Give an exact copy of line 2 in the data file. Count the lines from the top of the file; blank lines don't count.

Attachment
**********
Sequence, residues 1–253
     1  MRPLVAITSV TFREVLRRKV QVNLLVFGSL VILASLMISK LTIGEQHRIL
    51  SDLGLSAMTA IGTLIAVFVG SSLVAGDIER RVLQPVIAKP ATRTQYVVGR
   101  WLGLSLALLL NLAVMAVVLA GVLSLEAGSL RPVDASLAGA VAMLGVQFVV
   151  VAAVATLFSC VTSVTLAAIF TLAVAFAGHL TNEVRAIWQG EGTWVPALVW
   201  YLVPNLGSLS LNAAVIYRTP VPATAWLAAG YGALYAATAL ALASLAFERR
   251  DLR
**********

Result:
     1  MRPLVAITSV TFREVLRRKV QVNLLVFGSL VILASLMISK LTIGEQHRIL